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© RIA Novosti. Fred Grinberg

The decline of the Russian male?

by Tom Washington at 28/06/2011 13:00

Both the quantity and quality of Russian men seem to be on a downward turn. Plummeting sperm counts and testosterone levels with falling levels of academic attainment are reducing the Soviet hero of old into an ever more effete and infertile figure, who now can’t even drink properly.

In fact, the Russian man is dying out. Only the UK flounder, North Sea cod and Florida cane toad are losing males faster, and the unhappy conclusions of scientists show that falling numbers of males in these species has led to irreversible cuts in the population.

This was the grim picture presented by scientists at the ‘Men’s health and longevity -2011’ forum in Moscow.

 

Getting shorter

“It is generally accepted that men have an advantage in social terms over women, a higher salary, higher social status etc. But despite this men have higher mortality rates for all 15 main causes of death,” professor Shamil Galimov of the Bashkir State Medical University said at the forum, Kommersant reported.

“In 1964 male life expectancy in our country was 65 and female, 74, a difference of 9 years. But today the difference is life expectancy has reached 13 years between the sexes, whereas in Europe it is just 7 years,” he lamented. 1964 was the only time in Russian history when men averaged as much as 65.

And not just life expectancy is shrinking.

Bisphenol A, found in children’s plastic bottles, toys and canned puree, and dioxins, the chemical and toxic bi-products of industry are cropping up with alarming regularity in Russian sperm. Bisphenol A is responsible for Japanese penises getting shorter by 3 centimeters on average over the last 30 years, causing alarm among scientists.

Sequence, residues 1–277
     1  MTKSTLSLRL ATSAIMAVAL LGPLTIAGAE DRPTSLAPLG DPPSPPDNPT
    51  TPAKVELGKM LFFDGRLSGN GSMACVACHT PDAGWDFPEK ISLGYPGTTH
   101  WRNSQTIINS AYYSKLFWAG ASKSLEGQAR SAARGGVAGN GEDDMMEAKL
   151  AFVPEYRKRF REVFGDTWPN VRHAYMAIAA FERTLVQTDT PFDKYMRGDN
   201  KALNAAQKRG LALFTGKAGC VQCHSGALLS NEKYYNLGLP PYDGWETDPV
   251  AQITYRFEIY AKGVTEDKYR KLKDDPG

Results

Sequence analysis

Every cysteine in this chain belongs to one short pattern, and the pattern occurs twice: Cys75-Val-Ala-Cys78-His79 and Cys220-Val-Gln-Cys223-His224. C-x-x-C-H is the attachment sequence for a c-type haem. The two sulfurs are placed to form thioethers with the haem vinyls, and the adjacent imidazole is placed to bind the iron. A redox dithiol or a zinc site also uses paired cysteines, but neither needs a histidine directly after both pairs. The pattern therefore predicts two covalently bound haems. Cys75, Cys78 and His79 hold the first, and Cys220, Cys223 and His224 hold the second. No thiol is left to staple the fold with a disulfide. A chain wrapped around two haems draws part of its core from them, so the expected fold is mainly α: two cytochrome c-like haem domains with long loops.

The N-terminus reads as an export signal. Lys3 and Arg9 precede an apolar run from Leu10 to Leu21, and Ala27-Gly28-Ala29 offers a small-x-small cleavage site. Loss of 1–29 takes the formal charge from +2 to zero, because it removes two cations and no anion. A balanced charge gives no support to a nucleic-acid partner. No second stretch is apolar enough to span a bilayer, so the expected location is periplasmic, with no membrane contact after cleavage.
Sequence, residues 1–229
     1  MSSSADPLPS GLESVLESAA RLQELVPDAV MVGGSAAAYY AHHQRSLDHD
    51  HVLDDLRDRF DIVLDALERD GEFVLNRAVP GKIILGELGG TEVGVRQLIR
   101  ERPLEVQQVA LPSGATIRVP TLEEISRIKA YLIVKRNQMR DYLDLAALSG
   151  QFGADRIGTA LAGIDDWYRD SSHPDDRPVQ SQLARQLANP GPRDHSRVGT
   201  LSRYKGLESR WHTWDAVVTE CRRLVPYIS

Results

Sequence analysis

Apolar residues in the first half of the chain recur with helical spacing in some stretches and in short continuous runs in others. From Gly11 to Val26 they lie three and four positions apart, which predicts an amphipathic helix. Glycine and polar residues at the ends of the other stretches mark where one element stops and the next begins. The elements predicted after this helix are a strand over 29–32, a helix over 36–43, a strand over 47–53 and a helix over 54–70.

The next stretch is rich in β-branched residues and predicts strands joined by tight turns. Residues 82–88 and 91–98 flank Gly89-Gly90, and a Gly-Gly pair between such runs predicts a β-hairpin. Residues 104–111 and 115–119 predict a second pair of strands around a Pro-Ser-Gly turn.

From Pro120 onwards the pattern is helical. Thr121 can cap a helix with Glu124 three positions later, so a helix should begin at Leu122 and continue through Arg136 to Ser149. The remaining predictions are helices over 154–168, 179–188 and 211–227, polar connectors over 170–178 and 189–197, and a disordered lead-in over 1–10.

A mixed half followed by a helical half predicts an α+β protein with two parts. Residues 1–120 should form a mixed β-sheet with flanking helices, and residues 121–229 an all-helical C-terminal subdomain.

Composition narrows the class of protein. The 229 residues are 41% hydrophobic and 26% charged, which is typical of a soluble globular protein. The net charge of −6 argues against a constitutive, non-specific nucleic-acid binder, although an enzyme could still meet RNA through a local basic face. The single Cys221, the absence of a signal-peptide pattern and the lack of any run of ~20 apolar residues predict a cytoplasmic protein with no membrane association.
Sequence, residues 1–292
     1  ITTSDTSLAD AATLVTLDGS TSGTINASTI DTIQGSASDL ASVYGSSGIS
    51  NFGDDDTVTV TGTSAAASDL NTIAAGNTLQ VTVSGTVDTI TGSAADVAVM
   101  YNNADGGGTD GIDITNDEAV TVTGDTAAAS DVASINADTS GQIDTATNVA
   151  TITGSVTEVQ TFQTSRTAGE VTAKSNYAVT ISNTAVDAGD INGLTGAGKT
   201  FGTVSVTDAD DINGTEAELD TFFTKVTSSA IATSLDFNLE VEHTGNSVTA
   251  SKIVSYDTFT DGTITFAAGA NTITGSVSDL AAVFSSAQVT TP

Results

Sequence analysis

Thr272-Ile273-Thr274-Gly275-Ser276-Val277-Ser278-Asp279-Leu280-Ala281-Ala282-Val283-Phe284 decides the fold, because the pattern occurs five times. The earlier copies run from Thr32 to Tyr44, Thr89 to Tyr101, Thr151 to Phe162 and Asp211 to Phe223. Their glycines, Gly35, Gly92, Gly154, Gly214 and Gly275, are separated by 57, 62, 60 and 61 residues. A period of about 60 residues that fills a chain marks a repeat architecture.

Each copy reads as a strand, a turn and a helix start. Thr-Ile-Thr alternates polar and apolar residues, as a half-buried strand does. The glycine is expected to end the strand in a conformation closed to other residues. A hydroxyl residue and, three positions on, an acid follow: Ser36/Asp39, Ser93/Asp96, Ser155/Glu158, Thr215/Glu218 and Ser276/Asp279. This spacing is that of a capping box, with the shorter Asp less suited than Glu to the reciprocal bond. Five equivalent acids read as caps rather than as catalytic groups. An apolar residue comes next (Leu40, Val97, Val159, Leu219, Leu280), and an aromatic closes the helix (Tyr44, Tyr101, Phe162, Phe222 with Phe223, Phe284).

Other nasties

Phthalates, which are being phased out from plastics in Europe and North America, lead and cadmium are also turning up in Russian semen. They get absorbed into the body from plastic utensils, mobile phone and dental fillings.

Polybromobiphenyls, with toxic effects, has also been found in semen, picked up, as many men do every day, by sitting in front of a screen. Medicine also plays its role, most antibiotics leave men infertile for a month.

The expense of monitoring health trends in Russia has meant that these alarm signals were not being picked up on until now, despite triggering health scares and subsequent action in other countries.  

 

The motherland’s stronger sex

But these bi-products of industrialized modern life, and their unchecked prevalence in Russia are not hurting everyone.

Despite lower pay, onerous domestic expectations and glass ceilings in many careers, these substances that prove so deleterious to the male body leave the female unharmed or even invigorated.   

The phthalates found in plastic toys, for example, makes girls mature faster and become more sexually aggressive.
“And the sooner they mature, the more quickly they start to use lipstick, which also contains phthalates. So they become still more sexually aggressive and with a desire to dominate,” Gamilov explained.

Decline and fall
The Russian man is subsequently withering before our eyes. He has worse health than women and his educational attainment is worse. Worldwide, suicide rates peak in men in old age. In Russia it peaks twice, in the mid-life crisis years of 45-55 years and the second for the long-lived, at 70-80.

Fertility in both sexes is suffering but scientists are most worried about men’s fertility. And over the world aspiring mothers are too, 15 per cent of men who believe themselves to be fathers are in fact kidding themselves. It looks like this figure is set to grow.

And they are in danger of losing even that bastion of Russian machismo, taking their vodka. “Our men don’t know how to drink!” complained Gamilov. While Germans, for example, tend to drink little and often, binging Russians sink more in less frequent sessions.

Alcohol poisoning has been one of the most widely cited causes of premature death among Russian men. Dr Martin McKee, a public health professor at the London School of Hygiene & Tropical Medicine, blames alcohol for 43 per cent of deaths among working age (25-54) men in a typical Russian city. He put his unfortunate findings to the Center for Strategic and International Studies in Washington, DC last year, Eurasia.net reported.

 

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